THE CENTURION’S GOSPEL – Ch18 – part 3

THE ANNOINTING ANSWER – Emmaus, BethanyCG-book-cover-w

It was the night before the beginning of the Passover Festival. The city is overflowing with Jewish pilgrims. The Kidron Valley, just under the gaze of the Eastern battlements of the Temple Mount, was startingly packed with multicolored tents. Smoke from thousands of camp fires formed a hazy blanket that rose as high as the controversial aqueduct that crossed the valley from the Mount of Olives. Cornelius, again with Jacob, Trax and Cestus were invited to the house of Simon the Leper in Bethany. When they arrived from Emmaus, Cornelius was happy to find Jesus and the Twelve, the women who always provided support to the group, and a few other followers like young John Mark. Also present were a few Pharisees friendly to Jesus. Nicodemus was there talking to one that Cornelius didn’t recognize. He was a little taller than Nicodemus and brawny but not like Peter. When he saw him, they approached.

“Centurion, allow me to introduce you to a colleague and friend of mine, Joseph of Arimathea.”

“Oh, yes!” He said as Cornelius grasped his forearm with a smile, “We have common acquaintances. I believe you know the Lady Procula and her hand maiden, Lady Pheobe.”

“Most interesting ladies,” chuckled Joseph. “They have such a zeal to learn. I also have heard that you yourself is a student of the Law and a proselyte. Wonderful!”

Then Simon the former leper called for everyone to the pavilion.

“My brethren, we have come unto miraculous times. Even more so, here in this household. Just a week ago, my son was buried four long days, but now, see my son!”

Old man Simon hugged his son, Lazarus. There was clapping and hugging until the men broke out in celebratory music and Jewish line dancing. Cornelius and Cestus decided not to join in the dance, however Jacob could not keep hold of an excited Trax who jumped right in. They were clearly enjoying the show and was clapping away with the rhythm. This went on for several minutes until Martha came from another part of the pavilion and rang a gong like bell to announce the evening meal. Some of the men moved a number of low tables to the center of the pavilion. Cushions were quickly strewn around the tables and the men started to lounge on them.

Cornelius was content to take the furthest table when Jesus came and led him to the main table. It was the largest there and that it could accommodate about twenty or so people. Jesus led him to a place next to him. Cornelius looked at the faces around the table. Jesus was on his right with old man Simon, Lazarus and a few men he didn’t know sitting next. To his left, the Twelve, Simon, Andrew, Peter, Judas, John, Philip, Matthew, James, Matthew, Thomas, Nathanael and Thaddeus. Before him were bowls of flat breads, salt and a pale yellowish paste that tasted tangy. Simon said before they bring out the main meal, they start with this. Simon broke off some flat bread then dunked it first on the paste then in the salt. He waited for Cornelius to follow suit before they ate it. Cornelius enjoyed it. He was in his fourth serving when Martha and an army of women brought in the rest of the hot food to all the tables.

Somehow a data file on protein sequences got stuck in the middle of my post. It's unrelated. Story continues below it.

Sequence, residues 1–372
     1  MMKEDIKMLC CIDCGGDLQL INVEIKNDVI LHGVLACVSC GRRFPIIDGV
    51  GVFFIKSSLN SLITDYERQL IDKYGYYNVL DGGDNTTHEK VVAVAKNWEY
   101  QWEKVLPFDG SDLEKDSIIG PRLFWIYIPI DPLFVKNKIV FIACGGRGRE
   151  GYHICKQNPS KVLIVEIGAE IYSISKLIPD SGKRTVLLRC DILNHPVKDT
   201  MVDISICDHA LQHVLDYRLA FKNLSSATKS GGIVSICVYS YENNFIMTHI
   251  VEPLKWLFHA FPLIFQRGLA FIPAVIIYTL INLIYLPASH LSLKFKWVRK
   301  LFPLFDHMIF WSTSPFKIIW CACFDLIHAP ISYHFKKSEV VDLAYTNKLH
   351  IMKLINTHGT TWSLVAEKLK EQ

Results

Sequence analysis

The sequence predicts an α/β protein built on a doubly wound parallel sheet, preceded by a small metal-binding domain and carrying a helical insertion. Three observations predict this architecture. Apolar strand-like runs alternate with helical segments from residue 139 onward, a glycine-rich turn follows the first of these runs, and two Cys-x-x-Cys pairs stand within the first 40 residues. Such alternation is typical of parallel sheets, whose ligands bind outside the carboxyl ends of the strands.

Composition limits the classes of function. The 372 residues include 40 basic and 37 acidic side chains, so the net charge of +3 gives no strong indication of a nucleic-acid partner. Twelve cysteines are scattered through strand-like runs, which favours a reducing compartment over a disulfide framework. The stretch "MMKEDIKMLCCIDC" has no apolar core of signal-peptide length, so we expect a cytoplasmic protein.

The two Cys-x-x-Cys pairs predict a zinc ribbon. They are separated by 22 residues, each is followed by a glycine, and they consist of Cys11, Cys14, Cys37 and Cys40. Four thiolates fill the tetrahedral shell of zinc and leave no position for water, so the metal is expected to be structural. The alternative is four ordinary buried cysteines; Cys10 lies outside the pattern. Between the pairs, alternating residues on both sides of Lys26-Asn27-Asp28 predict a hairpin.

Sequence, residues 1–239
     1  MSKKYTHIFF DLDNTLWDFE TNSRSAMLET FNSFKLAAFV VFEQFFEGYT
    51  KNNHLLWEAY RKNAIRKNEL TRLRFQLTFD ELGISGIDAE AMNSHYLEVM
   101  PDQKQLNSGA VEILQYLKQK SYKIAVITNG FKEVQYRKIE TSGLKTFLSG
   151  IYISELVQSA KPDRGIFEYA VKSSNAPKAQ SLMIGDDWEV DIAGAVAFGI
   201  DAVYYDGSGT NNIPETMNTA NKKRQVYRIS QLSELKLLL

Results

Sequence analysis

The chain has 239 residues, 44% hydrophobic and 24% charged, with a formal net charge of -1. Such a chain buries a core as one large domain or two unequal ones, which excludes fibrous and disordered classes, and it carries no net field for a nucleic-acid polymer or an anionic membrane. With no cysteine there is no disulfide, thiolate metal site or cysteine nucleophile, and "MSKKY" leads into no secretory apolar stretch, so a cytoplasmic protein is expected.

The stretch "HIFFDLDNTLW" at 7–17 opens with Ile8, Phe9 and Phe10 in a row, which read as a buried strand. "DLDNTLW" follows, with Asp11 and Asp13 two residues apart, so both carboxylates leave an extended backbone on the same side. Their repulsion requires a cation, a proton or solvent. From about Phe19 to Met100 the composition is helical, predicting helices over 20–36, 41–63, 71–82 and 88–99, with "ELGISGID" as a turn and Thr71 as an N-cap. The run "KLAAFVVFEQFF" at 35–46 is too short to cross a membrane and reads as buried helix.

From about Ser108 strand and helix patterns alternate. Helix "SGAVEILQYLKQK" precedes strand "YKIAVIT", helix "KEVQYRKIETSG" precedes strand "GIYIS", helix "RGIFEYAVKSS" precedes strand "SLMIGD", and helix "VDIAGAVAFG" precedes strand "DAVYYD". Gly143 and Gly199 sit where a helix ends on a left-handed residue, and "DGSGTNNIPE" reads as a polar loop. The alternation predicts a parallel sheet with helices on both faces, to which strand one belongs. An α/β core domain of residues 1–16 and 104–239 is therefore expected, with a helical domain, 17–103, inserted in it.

As the dinner progressed and conversations got more busier, Jesus leans over to Cornelius and said, “Come, I’ve sensed you wanted to talk to me all night. Let us retreat over there for awhile.”

They went over to an adjacent courtyard and sat on opposite benches. Peter and Simon probably figured out that they needed privacy, so they stationed themselves to the entry way of the courtyard.

“I see you have found the passages I told you to find in Isaiah,” Jesus knowingly said. “But you feel you are at a lost.”

“Yes, very much so,” Cornelius said. Then he started telling him everything what he felt and shared his frustration to Jesus who had that silent power to just listen, encouraging him to speak with no reservations.

After what seem a long while, he finally asked, “Lord, I am still unclear on what I am suppose to do?”

“My Father had shown those things for you as a way of understanding and preparation, but it is for you to act or not act. Do not despair, Cornelius, you will do what is right in the long run. Let us return, for you must witness what comes next.”

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THE CENTURION’S GOSPEL – Ch18 – part 2

THE ANNOINTING ANSWER – Emmaus, BethanyCG-book-cover-w

Cornelius quickly wrote on his notes, ‘Can this mean a public execution?’ Shaking his head, He read on.

But He was pierced through for our transgressions,
He was crushed for our iniquities;
The chastening for our well-being fell upon Him,
And by His scourging we are healed.

This passage had clear elements of an execution. Being pierced could be as nails are being driven into hands and feet. Cornelius knew that the hands would be stretched out high and wide while the feet would be precariously nailed together on a tiny step with the legs slightly bent. Being crushed is the torturous effect of those under crucifixion. When hung like this, the lungs are crushed under the pressure. The effect is like drowning. The passage also stipulated beatings and whippings.